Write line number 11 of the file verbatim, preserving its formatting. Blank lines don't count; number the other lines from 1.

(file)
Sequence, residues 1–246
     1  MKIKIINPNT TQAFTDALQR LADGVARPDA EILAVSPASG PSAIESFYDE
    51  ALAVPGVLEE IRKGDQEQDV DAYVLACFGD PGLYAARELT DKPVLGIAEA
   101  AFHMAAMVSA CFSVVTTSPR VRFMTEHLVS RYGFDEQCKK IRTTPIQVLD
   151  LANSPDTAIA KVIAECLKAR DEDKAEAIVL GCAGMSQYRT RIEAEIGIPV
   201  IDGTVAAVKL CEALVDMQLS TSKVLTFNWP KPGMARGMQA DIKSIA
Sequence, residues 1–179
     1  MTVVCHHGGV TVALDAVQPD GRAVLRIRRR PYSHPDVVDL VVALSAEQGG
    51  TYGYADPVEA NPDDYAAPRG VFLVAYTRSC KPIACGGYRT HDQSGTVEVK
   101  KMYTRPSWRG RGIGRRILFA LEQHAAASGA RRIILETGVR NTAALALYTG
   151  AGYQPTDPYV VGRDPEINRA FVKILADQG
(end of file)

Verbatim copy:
   151  AGYQPTDPYV VGRDPEINRA FVKILADQG